If a witch hear a month or two before that the witch‑finder (as they call him) is comming, they will and have put out their imps to others to suckle them, even to their owne young and tender children. These upon search are found to have dry skinnes and filmes only and be close to the flesh. Keepe her twenty-four houres with a diligent eye that none of her spirits come in any visible shape to suck her, the women have seen the next day after her teats extended out to their former filling length, full of corruption ready to burst. And leaving her alone then one quarter of an houre and let the women go up againe, and shee will have them drawn by her imps close againe: proba‑ tum est . . .
[The Devil] seekes not their bloud, as if he could not subsist without that nourishment. But he often repairs to them and gets it, the more to aggravate the witch’s damnation and to put her in mind of her covenant. And as he is a spirit and prince of the ayre, he appeares to them in any shape whatsoever, which shape is occasioned by him through joyning of condensed thickned aire together, and many times doth assume shapes of many creatures. But to create any thing he cannot do it: it is only proper to God. But in this case of drawing out of these teats, he doth really enter into the body [of a] reall, corporeall, substantiall creature and forceth that creature (he working in it) to his desired ends, and useth the organs of that body to speake withall to make his compact up with the witches, be the creature cat, rat, mouse and so on . . . In the infancy of this discovery, it was not only thought fitting [to deprive the accused of sleep] but enjoyned in Essex and Suffolke by the magistrates, with this intention only – because they being kept awake would be more the active to cal their imps in open view the sooner to their helpe, which often- times have so happened. And never or seldome did any witch ever complaine in the time of their keeping for want of rest. But after they had beat their heads together in the [jail], and after this use was not allowed of by the judges and other magistrates, it was never since used, which is a yeare and a halfe since.
Neither were any kept from sleep by any order or direction since, but per- adventure their own stubborne wills did not let them sleep, though tendered and offered to them . . . And the meaning of walking of them at the highest extent of cruelty was only they to walke about themselves the night they were watched, only to keepe them waking: and the reason was this, when . . . they be suffered so to couch, immediately comes their familiars into the room and scareth the watchers and heartneth on the witch . . .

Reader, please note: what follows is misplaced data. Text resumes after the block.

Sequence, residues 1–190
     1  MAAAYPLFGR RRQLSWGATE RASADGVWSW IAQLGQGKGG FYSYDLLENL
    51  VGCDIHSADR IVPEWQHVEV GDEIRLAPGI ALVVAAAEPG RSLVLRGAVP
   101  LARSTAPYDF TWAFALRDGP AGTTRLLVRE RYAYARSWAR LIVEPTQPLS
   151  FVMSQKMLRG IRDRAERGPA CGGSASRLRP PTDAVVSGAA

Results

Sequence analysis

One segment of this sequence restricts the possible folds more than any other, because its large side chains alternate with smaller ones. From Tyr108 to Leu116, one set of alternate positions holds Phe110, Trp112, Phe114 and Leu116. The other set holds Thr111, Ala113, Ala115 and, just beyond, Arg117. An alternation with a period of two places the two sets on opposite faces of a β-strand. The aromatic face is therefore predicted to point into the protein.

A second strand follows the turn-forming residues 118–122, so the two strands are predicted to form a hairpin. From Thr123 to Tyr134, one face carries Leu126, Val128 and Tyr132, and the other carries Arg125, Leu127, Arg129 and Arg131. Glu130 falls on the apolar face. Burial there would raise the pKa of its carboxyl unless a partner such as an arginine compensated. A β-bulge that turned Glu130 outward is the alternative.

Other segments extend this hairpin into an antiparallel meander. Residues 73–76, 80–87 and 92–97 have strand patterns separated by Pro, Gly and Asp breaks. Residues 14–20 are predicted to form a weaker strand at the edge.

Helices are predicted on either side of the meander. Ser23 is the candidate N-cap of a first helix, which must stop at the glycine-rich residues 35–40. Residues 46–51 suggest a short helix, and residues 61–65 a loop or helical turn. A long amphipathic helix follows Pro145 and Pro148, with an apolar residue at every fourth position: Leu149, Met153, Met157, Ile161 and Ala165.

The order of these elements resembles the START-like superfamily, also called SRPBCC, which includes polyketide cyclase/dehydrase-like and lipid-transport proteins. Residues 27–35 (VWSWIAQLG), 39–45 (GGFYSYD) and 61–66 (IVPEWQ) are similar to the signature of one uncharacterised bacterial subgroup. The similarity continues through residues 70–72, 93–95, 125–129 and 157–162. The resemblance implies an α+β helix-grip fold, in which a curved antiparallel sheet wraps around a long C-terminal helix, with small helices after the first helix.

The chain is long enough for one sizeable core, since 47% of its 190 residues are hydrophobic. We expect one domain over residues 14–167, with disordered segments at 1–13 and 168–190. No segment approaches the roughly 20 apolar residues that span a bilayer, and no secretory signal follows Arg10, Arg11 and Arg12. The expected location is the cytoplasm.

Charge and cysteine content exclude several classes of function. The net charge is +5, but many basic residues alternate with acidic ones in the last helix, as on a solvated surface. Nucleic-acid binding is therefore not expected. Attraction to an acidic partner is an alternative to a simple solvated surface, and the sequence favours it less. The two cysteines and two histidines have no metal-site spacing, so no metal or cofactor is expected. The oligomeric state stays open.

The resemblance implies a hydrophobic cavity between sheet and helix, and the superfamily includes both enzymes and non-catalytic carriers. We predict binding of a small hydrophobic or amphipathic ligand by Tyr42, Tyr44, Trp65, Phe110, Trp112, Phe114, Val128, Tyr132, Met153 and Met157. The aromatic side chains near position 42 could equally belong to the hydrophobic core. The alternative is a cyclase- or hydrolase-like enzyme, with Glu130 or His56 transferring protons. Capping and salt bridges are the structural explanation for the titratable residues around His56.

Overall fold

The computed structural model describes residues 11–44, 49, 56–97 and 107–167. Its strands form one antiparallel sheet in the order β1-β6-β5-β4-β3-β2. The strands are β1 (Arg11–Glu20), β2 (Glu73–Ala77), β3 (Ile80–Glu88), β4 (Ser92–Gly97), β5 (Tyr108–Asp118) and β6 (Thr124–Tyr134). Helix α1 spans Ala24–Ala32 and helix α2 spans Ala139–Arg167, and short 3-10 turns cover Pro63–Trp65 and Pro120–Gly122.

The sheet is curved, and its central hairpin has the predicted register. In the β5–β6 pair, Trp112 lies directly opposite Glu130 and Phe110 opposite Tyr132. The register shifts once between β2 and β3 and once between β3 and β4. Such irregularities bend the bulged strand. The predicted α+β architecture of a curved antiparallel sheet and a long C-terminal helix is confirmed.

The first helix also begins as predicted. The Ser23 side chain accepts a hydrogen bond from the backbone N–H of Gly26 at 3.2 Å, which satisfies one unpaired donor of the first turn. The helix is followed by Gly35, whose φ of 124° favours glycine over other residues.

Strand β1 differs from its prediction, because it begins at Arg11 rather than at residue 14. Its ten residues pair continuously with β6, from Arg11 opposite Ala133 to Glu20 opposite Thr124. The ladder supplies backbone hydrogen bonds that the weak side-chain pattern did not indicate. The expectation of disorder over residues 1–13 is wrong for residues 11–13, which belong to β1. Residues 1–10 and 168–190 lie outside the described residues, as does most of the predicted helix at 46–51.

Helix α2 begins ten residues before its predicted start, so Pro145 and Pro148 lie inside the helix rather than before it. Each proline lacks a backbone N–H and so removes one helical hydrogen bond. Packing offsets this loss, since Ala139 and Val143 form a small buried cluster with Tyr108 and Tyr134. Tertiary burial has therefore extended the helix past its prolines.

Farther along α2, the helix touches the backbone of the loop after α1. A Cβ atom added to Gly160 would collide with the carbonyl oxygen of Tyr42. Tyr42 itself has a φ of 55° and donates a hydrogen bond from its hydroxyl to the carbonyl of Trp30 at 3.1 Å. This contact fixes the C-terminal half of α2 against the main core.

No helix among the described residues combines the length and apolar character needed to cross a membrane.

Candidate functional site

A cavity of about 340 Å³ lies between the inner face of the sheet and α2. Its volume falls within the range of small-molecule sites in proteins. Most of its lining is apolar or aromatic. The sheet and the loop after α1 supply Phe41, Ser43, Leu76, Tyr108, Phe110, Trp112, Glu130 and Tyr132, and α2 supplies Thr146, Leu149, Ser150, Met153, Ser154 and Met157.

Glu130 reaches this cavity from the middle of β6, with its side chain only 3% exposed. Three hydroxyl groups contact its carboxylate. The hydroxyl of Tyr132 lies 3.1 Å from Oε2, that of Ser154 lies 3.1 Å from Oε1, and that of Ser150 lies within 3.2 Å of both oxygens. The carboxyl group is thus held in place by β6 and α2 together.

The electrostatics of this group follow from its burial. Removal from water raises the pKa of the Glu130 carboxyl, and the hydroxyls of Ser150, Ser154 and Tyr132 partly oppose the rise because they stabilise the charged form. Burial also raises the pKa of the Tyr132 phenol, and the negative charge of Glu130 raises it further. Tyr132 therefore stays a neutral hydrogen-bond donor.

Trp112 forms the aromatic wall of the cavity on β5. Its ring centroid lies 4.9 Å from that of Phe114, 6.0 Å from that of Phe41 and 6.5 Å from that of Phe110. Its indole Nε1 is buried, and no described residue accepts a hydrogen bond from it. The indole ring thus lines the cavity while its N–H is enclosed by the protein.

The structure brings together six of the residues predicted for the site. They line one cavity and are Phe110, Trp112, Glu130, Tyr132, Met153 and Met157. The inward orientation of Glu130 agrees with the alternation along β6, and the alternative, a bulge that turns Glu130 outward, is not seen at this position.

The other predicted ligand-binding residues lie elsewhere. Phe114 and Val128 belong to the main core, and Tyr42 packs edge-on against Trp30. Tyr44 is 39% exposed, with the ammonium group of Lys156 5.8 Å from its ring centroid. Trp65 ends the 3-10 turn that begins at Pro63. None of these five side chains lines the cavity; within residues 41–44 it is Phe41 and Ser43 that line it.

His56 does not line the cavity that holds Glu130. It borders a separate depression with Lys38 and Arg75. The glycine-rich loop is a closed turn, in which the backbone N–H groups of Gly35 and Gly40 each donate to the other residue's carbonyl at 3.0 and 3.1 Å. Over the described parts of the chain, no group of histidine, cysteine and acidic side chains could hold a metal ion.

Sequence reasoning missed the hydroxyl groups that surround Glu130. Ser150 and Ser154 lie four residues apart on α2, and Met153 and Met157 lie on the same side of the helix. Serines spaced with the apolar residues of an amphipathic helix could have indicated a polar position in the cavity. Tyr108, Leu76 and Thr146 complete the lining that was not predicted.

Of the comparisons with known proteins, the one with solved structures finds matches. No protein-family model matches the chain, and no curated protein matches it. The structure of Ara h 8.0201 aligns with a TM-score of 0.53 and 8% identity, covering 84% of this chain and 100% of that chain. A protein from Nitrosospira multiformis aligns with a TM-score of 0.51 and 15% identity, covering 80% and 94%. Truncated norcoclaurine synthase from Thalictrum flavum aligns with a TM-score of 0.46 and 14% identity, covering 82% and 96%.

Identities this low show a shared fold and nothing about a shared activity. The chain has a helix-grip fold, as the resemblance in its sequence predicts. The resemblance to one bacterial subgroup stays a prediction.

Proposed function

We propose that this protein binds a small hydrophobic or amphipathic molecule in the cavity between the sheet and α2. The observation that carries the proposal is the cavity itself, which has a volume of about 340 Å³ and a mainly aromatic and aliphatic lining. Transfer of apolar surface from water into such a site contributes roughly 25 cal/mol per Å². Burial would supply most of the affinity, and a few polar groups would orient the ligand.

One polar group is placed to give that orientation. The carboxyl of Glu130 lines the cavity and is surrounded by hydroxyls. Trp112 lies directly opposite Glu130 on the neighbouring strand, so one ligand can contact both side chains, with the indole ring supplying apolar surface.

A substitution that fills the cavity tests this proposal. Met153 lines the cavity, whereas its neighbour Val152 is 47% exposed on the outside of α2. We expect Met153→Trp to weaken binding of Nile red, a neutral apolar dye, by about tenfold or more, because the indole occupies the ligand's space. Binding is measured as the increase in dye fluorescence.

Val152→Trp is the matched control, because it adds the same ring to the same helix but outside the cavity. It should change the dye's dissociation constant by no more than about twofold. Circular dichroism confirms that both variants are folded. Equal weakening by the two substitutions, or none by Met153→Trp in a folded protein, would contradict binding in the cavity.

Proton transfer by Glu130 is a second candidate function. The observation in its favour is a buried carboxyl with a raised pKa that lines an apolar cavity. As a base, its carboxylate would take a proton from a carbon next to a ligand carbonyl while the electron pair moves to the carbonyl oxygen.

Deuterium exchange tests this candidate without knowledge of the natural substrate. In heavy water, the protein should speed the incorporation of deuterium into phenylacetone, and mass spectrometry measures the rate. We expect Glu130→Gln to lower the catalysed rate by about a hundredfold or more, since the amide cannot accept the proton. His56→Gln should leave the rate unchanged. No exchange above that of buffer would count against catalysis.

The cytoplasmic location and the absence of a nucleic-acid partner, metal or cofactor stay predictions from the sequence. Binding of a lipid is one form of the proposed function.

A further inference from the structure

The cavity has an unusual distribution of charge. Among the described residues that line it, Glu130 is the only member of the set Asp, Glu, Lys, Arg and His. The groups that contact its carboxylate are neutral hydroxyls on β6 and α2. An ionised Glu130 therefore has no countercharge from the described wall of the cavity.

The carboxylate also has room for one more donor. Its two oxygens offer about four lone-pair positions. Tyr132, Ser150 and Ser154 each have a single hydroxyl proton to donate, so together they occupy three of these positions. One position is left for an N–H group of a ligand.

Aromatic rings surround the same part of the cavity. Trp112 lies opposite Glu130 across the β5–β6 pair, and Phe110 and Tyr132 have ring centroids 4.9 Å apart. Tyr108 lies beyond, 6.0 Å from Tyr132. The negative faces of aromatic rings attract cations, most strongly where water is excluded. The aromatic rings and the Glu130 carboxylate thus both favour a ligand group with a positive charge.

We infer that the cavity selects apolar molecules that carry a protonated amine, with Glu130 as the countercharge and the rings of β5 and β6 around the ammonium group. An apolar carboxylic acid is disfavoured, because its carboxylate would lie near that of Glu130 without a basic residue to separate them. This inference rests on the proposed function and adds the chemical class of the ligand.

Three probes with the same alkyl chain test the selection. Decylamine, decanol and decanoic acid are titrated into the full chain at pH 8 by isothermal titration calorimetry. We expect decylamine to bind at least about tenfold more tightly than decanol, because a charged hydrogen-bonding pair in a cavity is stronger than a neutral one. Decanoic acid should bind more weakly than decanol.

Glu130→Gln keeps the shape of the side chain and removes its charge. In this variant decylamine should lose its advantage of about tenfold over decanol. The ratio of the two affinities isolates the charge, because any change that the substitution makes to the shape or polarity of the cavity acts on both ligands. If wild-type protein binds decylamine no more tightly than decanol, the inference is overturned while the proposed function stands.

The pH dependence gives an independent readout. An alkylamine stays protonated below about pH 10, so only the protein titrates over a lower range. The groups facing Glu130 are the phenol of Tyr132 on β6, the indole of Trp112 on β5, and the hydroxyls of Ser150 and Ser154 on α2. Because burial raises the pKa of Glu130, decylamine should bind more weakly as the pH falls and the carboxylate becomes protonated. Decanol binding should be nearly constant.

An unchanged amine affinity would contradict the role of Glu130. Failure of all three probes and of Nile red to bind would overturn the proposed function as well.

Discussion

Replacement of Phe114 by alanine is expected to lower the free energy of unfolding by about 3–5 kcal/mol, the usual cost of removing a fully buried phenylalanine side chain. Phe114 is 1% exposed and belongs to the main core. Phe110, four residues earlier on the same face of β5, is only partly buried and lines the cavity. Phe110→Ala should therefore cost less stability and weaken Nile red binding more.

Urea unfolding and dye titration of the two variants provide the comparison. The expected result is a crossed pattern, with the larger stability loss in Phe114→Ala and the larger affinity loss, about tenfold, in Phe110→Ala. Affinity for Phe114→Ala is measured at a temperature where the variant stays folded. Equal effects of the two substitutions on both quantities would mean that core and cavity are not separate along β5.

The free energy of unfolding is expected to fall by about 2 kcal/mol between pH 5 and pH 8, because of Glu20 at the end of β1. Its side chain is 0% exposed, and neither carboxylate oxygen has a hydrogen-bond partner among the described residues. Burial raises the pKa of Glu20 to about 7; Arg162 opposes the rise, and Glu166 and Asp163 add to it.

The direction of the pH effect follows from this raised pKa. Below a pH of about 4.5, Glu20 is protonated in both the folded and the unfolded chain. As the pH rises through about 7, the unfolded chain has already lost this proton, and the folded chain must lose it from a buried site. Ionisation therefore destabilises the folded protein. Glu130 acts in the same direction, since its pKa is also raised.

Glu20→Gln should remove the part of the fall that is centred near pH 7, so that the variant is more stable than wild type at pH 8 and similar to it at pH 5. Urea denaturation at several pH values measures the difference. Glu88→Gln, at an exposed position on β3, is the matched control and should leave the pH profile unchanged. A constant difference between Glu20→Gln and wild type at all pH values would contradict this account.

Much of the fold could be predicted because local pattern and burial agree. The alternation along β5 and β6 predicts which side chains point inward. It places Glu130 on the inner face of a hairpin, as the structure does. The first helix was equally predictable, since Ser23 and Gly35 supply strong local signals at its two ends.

It is not denyed but many were so served [by tying them up and throwing them into deep water] as had papps and floated, others that had none were tryed with them and sunk – but marke the reasons. For first the Divel’s policie is great in perswading many to come of their owne accord to be tryed, perswading them their marks are so close they shall not be found out. So as diverse have come ten or twelve miles to be searched of their own accord and hanged for their labour – as one Meggs, a baker, did, who lived within seven miles of Norwich and was hanged at Norwich Assizes for witchcraft. Then when they find that the Devil tells them false, they reflect on him, and he – as forty have confessed – adviseth them to be swome and tels them they shall sinke and be cleared that way. Then when they be tryed that way and floate, they see the Devill deceives them againe, and have so laid open his treacheries . . .
[Hopkins] utterly denyes that confession of a witch to be of any validity when it is drawn from her by any torture or violence whatsoever: although after watching, walking or swimming, diverse have suffered, yet peradven- ture magistrates with much care and diligence did solely and fully examine them after sleepe and consideration sufficient. Second, he utterly denyes that confession of a witch which is drawn from her by flattery: for example, ‘if you will confesse, you shall go home, you shall not go to the [ jails] nor be hanged’, and so on. Third, he utterly denyes that confession of a witch when she confesseth any improbability [or] impossibility, as flying in the ayre, riding on a broom and so on. Fourth, he utterly denyes a confession of a witch, when it is interrogated to her and words put into her mouth, to be of any force or effect . . .